Top 10 Tips to Protect Your Privacy
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Privacy Rights Clearinghouse
The Privacy Rights Clearinghouse (PRC) recommends the following 10 tips to protect your privacy.
1. Monitor your credit report – look for errors and fraud. You have the right to one free credit report per year from each of the three credit bureaus: Equifax, Experian, and TransUnion. Order one report every four months so that you can monitor your credit reports on an ongoing basis. Learn more by reading PRC's Fact Sheet 6.
2. Reduce unwanted telemarketing phone calls. Register with the National Do Not Call Registry. If you receive a call from a company with which you do business, ask to be placed on its internal "Do Not Call List." Learn more by reading PRC's Fact Sheet 5.
3. Protect the personal information on your smartphone. Smartphone users are 33% more likely to become a victim of identity theft than non-users. Password-protect your smartphone and use the security lockout feature so that the phone automatically locks after a certain amount of time not in use. Learn more by reading PRC's Fact Sheet 2b.
4. Secure your computer and portable devices. Use up-to-date anti-virus and anti-malware programs and firewalls. Encrypt sensitive information before storing or sending. Make sure that all of your software is current and patched. Learn more by reading PRC's Fact Sheet 36.
5. Practice good password hygiene with your online accounts. Do not use the same password for multiple accounts. Instead, use strong passwords that are unique to each account. This is particularly important for your most sensitive online accounts (for example, your banking, email, and social networking accounts). Learn more by reading PRC's Fact Sheet 18.
6. Be aware of online data brokers. There are hundreds of websites that publish your personal information (for example, your address, phone number, and date of birth) for anyone to see. Data brokers get your information from public records and other sources. Ask your congressional representatives and state attorney general to regulate the online data broker industry. Learn more by reading PRC's Online Information Brokers and Your Privacy.
7. Use the "front page" rule on social networks. Don't post anything online that you wouldn't mind seeing on the front page of the newspaper. Use privacy settings to control who sees your posts, but keep in mind that even the strongest privacy settings won't prevent someone from re-sharing what you posted. Learn more by reading PRC's Fact Sheet 35.
8. Don't use a debit card. Debit cards offer less legal protection than credit cards in the event of fraudulent purchases. A lost, stolen, or otherwise compromised debit card can result in your bank account being wiped out by a thief, without using your PIN number. Use a credit card instead and ask your bank to replace your debit card with an "ATM only" card. Learn more by reading PRC's Fact Sheet 32.
9. Reduce your junk mail. Remove yourself from as many national mailing lists as possible by registering for the Direct Marketing Association's Mail Preference Service. You must renew your registration after three years. Learn more by reading PRC's Fact Sheet 4.
10. Safeguard your Social Security number (SSN). Keep your Social Security card and other documents that contain your SSN in a safe and secure location. Push back when companies ask for your SSN. Ask them to explain their authority for requiring it, and what the consequences are if you do not provide it. Learn more by reading PRC's Fact Sheet 10.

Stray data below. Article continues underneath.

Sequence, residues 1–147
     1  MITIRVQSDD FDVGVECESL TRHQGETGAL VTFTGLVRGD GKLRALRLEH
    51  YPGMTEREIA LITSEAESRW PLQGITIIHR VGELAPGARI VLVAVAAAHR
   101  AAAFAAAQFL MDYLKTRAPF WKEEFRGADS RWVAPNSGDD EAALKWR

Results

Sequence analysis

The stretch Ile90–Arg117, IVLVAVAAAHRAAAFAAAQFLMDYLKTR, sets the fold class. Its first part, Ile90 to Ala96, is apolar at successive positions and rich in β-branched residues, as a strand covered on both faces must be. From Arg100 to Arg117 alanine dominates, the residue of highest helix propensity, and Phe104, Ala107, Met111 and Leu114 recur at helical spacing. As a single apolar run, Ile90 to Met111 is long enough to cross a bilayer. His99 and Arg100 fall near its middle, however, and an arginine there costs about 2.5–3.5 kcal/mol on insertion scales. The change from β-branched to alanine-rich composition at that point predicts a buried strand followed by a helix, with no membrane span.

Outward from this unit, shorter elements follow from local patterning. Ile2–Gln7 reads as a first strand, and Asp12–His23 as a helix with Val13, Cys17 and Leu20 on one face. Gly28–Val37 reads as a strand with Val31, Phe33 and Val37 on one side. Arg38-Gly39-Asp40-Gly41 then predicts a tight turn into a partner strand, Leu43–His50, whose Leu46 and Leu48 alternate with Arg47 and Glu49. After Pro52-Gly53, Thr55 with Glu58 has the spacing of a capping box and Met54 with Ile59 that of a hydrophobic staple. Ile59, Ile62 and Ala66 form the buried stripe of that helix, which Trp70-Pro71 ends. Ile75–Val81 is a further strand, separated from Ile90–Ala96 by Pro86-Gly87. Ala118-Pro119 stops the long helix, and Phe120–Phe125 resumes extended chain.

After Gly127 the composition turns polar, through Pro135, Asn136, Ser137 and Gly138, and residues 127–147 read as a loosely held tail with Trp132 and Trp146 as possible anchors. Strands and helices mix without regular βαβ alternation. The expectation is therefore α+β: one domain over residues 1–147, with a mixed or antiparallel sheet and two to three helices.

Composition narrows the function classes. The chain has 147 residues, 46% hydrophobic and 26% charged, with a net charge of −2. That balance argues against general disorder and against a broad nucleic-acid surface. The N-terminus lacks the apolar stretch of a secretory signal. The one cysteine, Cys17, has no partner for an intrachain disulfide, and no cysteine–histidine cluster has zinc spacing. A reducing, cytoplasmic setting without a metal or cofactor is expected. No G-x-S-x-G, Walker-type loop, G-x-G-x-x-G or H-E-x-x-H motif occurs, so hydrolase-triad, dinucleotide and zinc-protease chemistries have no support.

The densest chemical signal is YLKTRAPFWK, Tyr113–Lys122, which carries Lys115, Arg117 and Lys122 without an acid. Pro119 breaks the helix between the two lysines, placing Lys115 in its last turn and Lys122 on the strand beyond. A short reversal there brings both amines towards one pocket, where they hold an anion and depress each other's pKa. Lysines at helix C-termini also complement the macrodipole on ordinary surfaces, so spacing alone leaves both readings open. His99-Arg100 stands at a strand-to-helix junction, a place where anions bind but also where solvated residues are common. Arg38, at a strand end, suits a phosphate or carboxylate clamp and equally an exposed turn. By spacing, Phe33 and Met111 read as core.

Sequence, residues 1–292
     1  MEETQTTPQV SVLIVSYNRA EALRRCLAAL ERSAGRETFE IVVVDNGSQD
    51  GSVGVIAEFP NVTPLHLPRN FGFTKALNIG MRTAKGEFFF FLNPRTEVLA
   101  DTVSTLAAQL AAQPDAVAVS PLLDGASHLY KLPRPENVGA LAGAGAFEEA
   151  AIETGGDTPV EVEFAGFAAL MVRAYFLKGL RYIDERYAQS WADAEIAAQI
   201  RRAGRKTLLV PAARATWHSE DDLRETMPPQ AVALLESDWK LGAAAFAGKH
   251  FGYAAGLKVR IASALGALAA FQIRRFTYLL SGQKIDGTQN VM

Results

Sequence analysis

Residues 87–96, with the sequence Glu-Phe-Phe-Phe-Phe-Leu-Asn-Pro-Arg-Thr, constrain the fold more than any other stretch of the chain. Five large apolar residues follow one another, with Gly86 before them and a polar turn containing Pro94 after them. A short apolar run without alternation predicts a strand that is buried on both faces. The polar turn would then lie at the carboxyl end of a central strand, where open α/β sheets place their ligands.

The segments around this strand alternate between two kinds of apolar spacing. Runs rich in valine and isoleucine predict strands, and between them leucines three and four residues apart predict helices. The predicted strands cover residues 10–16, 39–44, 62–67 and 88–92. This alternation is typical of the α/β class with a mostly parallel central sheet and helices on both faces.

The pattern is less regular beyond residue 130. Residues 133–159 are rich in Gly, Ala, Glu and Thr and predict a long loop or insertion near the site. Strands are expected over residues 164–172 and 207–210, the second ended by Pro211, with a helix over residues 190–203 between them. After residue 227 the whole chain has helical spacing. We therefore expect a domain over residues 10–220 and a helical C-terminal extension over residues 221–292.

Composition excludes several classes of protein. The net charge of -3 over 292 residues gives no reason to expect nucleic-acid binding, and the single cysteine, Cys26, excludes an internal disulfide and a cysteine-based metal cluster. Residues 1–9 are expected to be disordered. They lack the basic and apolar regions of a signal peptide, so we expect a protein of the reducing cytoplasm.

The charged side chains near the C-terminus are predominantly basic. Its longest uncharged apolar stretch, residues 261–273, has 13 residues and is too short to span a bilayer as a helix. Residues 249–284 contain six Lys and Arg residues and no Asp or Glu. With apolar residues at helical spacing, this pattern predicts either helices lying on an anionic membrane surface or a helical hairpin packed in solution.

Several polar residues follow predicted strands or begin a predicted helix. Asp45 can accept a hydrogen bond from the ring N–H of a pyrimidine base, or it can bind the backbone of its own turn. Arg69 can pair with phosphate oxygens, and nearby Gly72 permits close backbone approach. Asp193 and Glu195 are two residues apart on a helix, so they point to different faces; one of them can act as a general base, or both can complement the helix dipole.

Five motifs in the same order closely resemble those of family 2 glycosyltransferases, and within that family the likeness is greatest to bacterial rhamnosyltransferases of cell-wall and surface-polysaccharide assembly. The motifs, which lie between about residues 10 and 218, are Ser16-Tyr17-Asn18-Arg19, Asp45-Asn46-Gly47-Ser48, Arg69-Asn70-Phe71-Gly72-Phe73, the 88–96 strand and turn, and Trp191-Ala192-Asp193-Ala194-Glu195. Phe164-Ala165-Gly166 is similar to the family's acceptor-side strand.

For additional tips, read PRC’s Fact Sheet 1: Privacy Survival Guide: Take Control of Your Personal Information.
- PRC's Fact Sheet 1: Privacy Survival Guide: Take Control of Your Personal Information - https://www.privacyrights.org/fs/fs1-surv.htm
- PRC's Fact Sheet 2b: Privacy in the Age of the Smartphone - https://www.privacyrights.org/fs/fs2b-cellprivacy.htm
- PRC's Fact Sheet 4: Junk Mail: How Did They All Get My Address? - https://www.privacyrights.org/fs/fs4-junk.htm
- PRC's Fact Sheet 5: Telemarketing: How to Have a Quiet Evening at Home - https://www.privacyrights.org/fs/fs5-tmkt.htm
- PRC's Fact Sheet 6:How Private Is My Credit Report?- https://www.privacyrights.org/fs/fs6-crdt.htm
- PRC's Fact Sheet 10: My Social Security Number - How Secure Is It? - https://www.privacyrights.org/fs/fs10-ssn.htm
- PRC's Fact Sheet 18: Online Privacy: Using the Internet Safely - https://www.privacyrights.org/fs/fs18-cyb.htm
- PRC's Fact Sheet 32: Paper or Plastic: What Have You Got to Lose? - https://www.privacyrights.org/fs/fs32-paperplastic.htm
- PRC's Fact Sheet 35: Social Networking Privacy: How to be Safe, Secure and Social - https://www.privacyrights.org/social-networking-privacy
- PRC's Fact Sheet 36: Securing Your Computer to Maintain Your Privacy - https://www.privacyrights.org/fs/fs36-securing-computer-privacy.htm
- PRC's 10 Rules for Creating a Hacker-Resistant Password - https://www.privacyrights.org/ar/alertstrongpasswords.htm
- PRC's Online Information Brokers and Your Privacy - https://www.privacyrights.org/ar/infobrokers.htm
- The official site for ordering free credit reports – https://www.annualcreditreport.com
- National Do Not Call Registry - https://www.donotcall.gov/
- Direct Marketing Association's Mail Preference Service - https://www.dmachoice.org/register.php
Browse Privacy Topics
Background Checks & Workplace
Banking & Finance
Credit & Credit Reports
Harassment & Stalking
Identity Theft & Data Breaches
Online Privacy & Technology
Privacy When You Shop
Public Records & Info Brokers
Social Security Numbers
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We are a nationally recognized consumer education and advocacy nonprofit dedicated to protecting the privacy of American consumers.